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Frankfurt (Oder) ( ) is a town in Brandenburgmarker, Germanymarker, located on the Oder River, on the German-Polishmarker border directly opposite the town of Słubicemarker which was a part of Frankfurt until 1945. At the end of the 1980s it reached a population peak with more than 87,000 inhabitants. The number dropped below 70,000 in 2002 and is expected to reach 58,000 in 2010.

The official name Frankfurt (Oder) and the older Frankfurt an der Oder are used to distinguish it from the larger city of Frankfurt am Mainmarker.


The town of Frankfurt was chartered in 1253 at the Brandendamm, although the settlement is probably considerably older. The early settlers lived on the western banks of the Oder; later the town was extended to the eastern bank (today's Słubice). In late medieval times the town dominated the river trade between Breslau marker and Stettin marker. In 1430 Frankfurt joined the Hanseatic League, but was a member for only a short time.

In April 1631, during the Thirty Years' War, Frankfurt was the site of the Battle of Frankfurt an der Oder between the Swedish Empire and the Holy Roman Empire. After a two-day siege, Swedish forces, supported by Scottishmarker auxiliaries, stormed the town. The result was a Swedish victory.

With the dissolution of the Margraviate of Brandenburg during the Napoleonic Wars, Frankfurt became part of the Province of Brandenburg in 1815. In the 19th century, Frankfurt played an important role in trade. Centrally positioned in the Kingdom of Prussiamarker between Berlinmarker and Poznańmarker, on the heavily-trafficked river Oder, the town housed the second-largest annual trade fair (Messe) of the German Reich, surpassed only by that in Leipzigmarker.

There was intense fighting for the town in 1945 during World War II when the town was declared a fortress (Festung) in an attempt to block the Red Army's route to Berlinmarker. The postwar German-Polish border ran along the Oder, separating the Dammvorstadt on the eastern bank from the rest of Frankfurt; it became the Polish town of Słubicemarker. While part of communist East Germanymarker, Frankfurt was administered within Bezirk Frankfurt . It became part of the reconstituted state of Brandenburg with German reunification in 1990.

Today, Frankfurt and Słubice have friendly relations and run several common projects and facilities. Poland joined the European Union on 1 May 2004, and implemented the Schengen Agreement on December 21, 2007 leading to the removal of permanent border controls.

In the post-communist era Frankfurt has suffered from high unemployment and low economic growth. Its population has fallen significantly from around 87,000 at the time of German reunification in 1990.

FC Viktoria Frankfurt is the town's local football team.

In March 2008 the Jewish community of Frankfurt celebrated its first Torah dedication since the Holocaust. The procession of the new Torah scroll began from the spot where the town’s Frankfurter Synagogue stood prior to World War II, 500 meters from Germany’s border with Poland. Celebrants, including students from the University of Illinois Urbana-Champaignmarker, marched the scroll into the town’s Chabad-Lubavitch center, where they danced with the Torah that was donated by members of the Chabad-Lubavitch community in Berlin.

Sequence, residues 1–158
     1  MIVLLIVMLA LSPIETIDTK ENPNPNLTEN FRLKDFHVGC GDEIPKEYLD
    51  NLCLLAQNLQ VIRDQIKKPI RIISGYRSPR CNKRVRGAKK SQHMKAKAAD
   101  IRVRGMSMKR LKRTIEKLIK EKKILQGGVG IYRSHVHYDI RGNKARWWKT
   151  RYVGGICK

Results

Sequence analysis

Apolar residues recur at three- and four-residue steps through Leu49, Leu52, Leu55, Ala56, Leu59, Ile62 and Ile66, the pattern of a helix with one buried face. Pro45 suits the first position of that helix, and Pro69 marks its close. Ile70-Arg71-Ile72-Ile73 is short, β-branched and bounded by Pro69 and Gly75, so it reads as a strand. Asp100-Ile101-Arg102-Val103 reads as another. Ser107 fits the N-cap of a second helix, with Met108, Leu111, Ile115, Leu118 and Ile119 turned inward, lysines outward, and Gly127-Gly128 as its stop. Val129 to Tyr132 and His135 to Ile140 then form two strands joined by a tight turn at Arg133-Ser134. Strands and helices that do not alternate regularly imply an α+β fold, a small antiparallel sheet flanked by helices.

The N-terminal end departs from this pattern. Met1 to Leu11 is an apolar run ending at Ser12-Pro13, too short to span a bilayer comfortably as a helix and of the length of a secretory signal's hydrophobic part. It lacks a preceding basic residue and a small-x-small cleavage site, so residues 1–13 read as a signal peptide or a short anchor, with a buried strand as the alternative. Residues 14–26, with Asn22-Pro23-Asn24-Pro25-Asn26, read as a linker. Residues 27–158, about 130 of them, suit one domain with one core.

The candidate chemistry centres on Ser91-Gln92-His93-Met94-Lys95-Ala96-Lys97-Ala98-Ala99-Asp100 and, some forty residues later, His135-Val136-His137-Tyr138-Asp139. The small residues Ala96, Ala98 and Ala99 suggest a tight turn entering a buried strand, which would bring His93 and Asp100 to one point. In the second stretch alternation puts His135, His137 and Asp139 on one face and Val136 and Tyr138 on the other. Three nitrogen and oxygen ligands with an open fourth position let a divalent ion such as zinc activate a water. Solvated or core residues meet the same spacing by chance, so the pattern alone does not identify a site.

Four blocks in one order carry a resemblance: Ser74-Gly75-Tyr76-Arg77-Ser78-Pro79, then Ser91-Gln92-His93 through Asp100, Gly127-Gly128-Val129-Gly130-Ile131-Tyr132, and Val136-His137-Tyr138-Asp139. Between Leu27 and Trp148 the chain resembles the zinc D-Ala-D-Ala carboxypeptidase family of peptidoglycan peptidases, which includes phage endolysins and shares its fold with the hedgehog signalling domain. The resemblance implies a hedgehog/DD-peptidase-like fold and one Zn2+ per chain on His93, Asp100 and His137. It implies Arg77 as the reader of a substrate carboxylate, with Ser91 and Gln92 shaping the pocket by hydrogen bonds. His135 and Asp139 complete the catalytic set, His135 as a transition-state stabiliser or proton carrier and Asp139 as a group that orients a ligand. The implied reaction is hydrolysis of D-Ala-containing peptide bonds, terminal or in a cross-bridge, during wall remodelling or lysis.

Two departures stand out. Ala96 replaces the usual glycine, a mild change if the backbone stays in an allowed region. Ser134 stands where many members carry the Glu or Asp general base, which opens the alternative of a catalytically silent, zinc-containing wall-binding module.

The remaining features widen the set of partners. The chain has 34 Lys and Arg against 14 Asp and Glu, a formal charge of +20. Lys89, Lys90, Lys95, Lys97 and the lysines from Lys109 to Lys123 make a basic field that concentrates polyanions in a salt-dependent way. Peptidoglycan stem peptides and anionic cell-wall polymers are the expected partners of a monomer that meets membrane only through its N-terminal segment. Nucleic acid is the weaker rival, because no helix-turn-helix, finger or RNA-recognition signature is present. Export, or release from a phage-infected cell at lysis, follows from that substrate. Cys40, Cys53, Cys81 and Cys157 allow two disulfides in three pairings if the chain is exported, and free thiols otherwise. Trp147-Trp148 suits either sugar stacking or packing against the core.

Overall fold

European university

The Margraviate of Brandenburg's first university was Frankfurt's Alma Mater Viadrina, founded in 1506 by Joachim I Nestor, Elector of Brandenburg. An early chancellor, Bishop Georg von Blumenthal (1490-1550), was a notable opponent of the Protestant Reformation, as he remained a Catholic. Frankfurt also trained the noted archbishop Albert of Brandenburg around 1510, who also became a vocal opponent of the Reformation. The university was closed in 1811, and its assets divided between the new universities in Berlin (today's Humboldt Universitymarker) and Breslau (University of Wrocławmarker).

The university was refounded in 1991 with a European emphasis as the Viadrina European University, with close cooperation with the Adam Mickiewicz Universitymarker in Poznań; they jointly run the Collegium Polonicum in Słubice.

See also

International relations

Twin towns — Sister cities

Frankfurt (Oder) is twinned with:

Films set in Frankfurt

In recent years, Frankfurt has been the setting for several notable German films:

  • Halbe Treppe (Grill Point, 2002)
  • Lichter (Distant Lights, 2003)
  • Die Kinder sind tot (The Children Are Dead, a documentary about a 1999 murder-by-neglect in Frankfurt, 2004)
  • No Exit (2004, documentary about Neo-Nazis)
  • Kombat Sechzehn (Combat Sixteen, 2005)


File:FrankfurtOderRathaus.JPG|The Gothic town hallFile:EUV-FFO.JPG|Viadrina European University, with the tower of the MarienkircheFile:FFOArchive.JPG|The town archives and the C.P.E. Bach Concert HallFile:Oderturm.JPG|The Oderturmmarker, tallest building in FrankfurtFile:FrankfurtOderPost.JPG|The neo-Gothic post officeFile:FriedenskircheFFO.JPG|The FriedenskircheFile:Oderbruecke.JPG|The Oder bridge joining Frankfurt with SłubiceFile:FrankfurtOderRiverView.JPG|View of northern Frankfurt riverfrontFile:FrankfurtOderStation.JPG|Main railway stationFile:GrosseScharrnstrasseFFO.JPG|Große Scharrnstraße, rebuilt in the late 1980sFile:Frankfurt_Oder_oben.jpg|View from the OderturmFile:PaulinenhofFFO.jpg|The Paulinenhof settlement, built in the 1920s for railway employees



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